At the Maryland Library Association conference last week I participated in a program that talked about, among other things, experience buying. Experience Buying is not a new concept in business; Starbucks has been doing it for years. In a late afternoon work-stupor I even touched upon it briefly a while back.
It seems to me that if i’m going to take the effort to get out of bed, get dressed, get in my car, waste more gas, hurt the environment, and potentially deal with mass amounts of people… and lines… that what that physical place offers me HAS to be an experience. If I just needed a product, I’d buy it online and have it shipped to me which saves travel time, often money, definitely gas, and makes me infinitely happy when i see boxes in front of my door when I return home from work.
I was thinking about what Joe Janes says about having to be better online than in person and while I agree with that, i think we don’t necessarily need to be better, just different (unless he means “better than we are now” which i ABSOLUTELY agree with). Better in the first case implies we do the same thing in 2 places and one is superior to the other. I think what needs to happen is we need to have systems in place that allow our customers to do everything they need to do ONLINE and self-served and have our physical presences- buildings, kiosks, whatever- be EXPERIENCES worth the effort of getting there.
This isn’t to say, of course, that I think our online presences shouldn’t be experiences too- they should be- but they primarily should be places people can get to easily and easily do the things they need to do- like get a book brought somewhere, pay a fine, synchronously interact with a human, etc.
Libraries need to be places where, if i never come into the building, I’m not missing out on any basic-or-enhanced library activities. I can pick out books, get books sent, do research, do things to my account, pay fines, interact with other people (lib staff & other customers) synchronously and asynchronously, get involved with programming, etc.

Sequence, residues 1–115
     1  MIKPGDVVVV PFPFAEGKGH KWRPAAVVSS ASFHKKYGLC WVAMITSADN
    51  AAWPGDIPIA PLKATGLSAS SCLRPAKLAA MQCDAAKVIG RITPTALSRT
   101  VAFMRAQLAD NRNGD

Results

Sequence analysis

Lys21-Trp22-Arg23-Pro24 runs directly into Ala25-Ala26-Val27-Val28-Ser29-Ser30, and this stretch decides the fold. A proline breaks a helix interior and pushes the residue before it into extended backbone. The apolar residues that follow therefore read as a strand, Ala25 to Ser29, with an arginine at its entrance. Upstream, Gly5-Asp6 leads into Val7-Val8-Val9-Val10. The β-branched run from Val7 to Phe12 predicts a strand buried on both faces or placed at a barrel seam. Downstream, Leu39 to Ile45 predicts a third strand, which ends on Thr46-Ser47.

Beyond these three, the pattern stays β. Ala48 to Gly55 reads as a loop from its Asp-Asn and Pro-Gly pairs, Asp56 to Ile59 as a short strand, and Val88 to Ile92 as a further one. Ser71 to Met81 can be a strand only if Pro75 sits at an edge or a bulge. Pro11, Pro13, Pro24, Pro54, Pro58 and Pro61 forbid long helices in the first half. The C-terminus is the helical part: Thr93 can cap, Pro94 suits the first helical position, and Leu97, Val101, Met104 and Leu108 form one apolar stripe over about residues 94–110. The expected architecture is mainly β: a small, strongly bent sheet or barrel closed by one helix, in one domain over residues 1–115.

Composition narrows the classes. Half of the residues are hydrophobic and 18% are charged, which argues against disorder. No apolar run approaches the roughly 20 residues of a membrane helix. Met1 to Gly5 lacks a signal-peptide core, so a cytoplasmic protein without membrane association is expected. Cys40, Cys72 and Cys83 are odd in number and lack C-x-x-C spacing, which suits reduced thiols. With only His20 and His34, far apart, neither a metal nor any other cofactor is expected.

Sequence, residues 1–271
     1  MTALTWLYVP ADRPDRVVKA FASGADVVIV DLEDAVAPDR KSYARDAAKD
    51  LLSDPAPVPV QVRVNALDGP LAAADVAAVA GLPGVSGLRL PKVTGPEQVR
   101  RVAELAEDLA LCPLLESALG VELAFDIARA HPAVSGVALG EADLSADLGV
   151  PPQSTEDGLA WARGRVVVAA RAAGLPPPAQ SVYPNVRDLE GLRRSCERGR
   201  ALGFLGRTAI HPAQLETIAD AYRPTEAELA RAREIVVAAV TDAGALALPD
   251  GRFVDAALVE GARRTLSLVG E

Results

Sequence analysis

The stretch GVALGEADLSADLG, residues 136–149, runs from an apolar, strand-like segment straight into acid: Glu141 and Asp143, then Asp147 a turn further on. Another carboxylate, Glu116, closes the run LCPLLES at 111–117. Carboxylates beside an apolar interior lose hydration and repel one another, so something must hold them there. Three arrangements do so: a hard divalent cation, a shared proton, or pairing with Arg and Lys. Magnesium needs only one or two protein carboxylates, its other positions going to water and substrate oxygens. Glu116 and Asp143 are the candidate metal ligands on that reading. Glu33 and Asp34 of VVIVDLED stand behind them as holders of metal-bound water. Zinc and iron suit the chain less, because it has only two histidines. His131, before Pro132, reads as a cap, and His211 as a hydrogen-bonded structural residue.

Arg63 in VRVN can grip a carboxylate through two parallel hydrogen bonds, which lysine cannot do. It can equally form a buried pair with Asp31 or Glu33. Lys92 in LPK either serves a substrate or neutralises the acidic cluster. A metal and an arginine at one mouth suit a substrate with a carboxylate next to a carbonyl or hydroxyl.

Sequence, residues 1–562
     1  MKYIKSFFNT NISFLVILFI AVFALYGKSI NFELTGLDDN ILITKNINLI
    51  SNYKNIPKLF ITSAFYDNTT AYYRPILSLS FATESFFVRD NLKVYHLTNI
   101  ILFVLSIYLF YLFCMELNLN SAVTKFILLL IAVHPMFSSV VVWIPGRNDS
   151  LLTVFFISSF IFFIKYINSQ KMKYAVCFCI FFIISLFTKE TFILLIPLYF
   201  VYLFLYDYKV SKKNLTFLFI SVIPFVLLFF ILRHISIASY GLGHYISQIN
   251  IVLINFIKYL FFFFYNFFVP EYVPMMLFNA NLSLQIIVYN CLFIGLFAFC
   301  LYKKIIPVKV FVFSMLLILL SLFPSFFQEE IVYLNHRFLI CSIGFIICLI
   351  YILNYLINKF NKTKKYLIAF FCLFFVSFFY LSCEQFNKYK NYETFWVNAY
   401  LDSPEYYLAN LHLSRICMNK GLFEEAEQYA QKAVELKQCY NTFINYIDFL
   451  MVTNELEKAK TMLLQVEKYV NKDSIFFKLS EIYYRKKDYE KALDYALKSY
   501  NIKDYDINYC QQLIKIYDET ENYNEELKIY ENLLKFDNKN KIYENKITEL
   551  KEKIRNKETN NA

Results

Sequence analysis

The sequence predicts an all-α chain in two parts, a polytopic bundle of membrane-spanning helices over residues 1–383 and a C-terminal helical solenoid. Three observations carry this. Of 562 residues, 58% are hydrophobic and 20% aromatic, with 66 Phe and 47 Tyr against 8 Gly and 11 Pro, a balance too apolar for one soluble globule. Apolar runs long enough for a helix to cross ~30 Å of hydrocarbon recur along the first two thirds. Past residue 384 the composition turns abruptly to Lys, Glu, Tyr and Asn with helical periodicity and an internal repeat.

I don’t want to see the physical buildings go away, because they also serve a purpose as people will always, at some point, need a physical place to go besides their classroom, place of work, or home to do the things they do and be the things that they are. But as more and more people (thank you millennials and screenagers) rely on the internet to do everything they need to do, we need to make it easy for them to find us and do those things- we need to capture them quickly or else there’s a million and one other places they can go for what they need. I’d say you’ve got about 2 minutes or 4 clicks before you lose someone- if what they’re looking for can’t be found or done in that time, things need to be simpler.
The point: let your customers do what they need/want to do online (everything you can do physically) and make it EASY. Then, be that awesome, human-touch, experience in person- they deserve it if they made the effort to come to you in person. :-)